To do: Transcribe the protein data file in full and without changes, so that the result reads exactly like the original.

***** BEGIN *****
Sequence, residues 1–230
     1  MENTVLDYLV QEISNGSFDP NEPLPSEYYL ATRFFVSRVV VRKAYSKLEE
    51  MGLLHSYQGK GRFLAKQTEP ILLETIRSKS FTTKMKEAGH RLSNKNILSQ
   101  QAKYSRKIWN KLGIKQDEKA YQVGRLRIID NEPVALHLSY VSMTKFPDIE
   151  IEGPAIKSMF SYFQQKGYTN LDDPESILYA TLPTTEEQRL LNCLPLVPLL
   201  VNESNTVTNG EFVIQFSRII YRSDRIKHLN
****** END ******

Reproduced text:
Sequence, residues 1–230
     1  MENTVLDYLV QEISNGSFDP NEPLPSEYYL ATRFFVSRVV VRKAYSKLEE
    51  MGLLHSYQGK GRFLAKQTEP ILLETIRSKS FTTKMKEAGH RLSNKNILSQ
   101  QAKYSRKIWN KLGIKQDEKA YQVGRLRIID NEPVALHLSY VSMTKFPDIE
   151  IEGPAIKSMF SYFQQKGYTN LDDPESILYA TLPTTEEQRL LNCLPLVPLL
   201  VNESNTVTNG EFVIQFSRII YRSDRIKHLN